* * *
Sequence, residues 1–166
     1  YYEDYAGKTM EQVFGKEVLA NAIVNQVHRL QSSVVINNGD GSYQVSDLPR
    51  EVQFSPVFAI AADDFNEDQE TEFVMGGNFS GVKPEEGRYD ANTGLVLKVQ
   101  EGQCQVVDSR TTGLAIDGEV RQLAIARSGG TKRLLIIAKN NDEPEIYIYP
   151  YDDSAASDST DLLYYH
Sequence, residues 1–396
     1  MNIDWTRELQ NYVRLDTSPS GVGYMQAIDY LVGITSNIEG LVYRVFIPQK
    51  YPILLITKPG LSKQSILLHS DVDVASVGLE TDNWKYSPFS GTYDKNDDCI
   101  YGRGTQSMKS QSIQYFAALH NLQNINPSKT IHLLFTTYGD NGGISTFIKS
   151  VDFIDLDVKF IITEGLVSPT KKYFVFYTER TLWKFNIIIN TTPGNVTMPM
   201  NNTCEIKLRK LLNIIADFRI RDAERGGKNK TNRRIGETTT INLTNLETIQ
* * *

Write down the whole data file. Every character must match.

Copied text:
Sequence, residues 1–166
     1  YYEDYAGKTM EQVFGKEVLA NAIVNQVHRL QSSVVINNGD GSYQVSDLPR
    51  EVQFSPVFAI AADDFNEDQE TEFVMGGNFS GVKPEEGRYD ANTGLVLKVQ
   101  EGQCQVVDSR TTGLAIDGEV RQLAIARSGG TKRLLIIAKN NDEPEIYIYP
   151  YDDSAASDST DLLYYH
Sequence, residues 1–396
     1  MNIDWTRELQ NYVRLDTSPS GVGYMQAIDY LVGITSNIEG LVYRVFIPQK
    51  YPILLITKPG LSKQSILLHS DVDVASVGLE TDNWKYSPFS GTYDKNDDCI
   101  YGRGTQSMKS QSIQYFAALH NLQNINPSKT IHLLFTTYGD NGGISTFIKS
   151  VDFIDLDVKF IITEGLVSPT KKYFVFYTER TLWKFNIIIN TTPGNVTMPM
   201  NNTCEIKLRK LLNIIADFRI RDAERGGKNK TNRRIGETTT INLTNLETIQ